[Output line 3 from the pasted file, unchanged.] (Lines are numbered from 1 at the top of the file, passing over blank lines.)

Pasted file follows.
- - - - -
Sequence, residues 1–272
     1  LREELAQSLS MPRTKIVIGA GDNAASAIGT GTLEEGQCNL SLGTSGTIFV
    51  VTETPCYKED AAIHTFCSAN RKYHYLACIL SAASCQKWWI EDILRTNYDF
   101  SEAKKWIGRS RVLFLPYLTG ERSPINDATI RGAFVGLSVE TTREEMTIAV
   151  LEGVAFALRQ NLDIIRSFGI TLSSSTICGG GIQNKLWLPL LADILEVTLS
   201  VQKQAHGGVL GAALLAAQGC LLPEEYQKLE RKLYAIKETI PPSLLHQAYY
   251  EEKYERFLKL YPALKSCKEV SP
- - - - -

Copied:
    51  VTETPCYKED AAIHTFCSAN RKYHYLACIL SAASCQKWWI EDILRTNYDF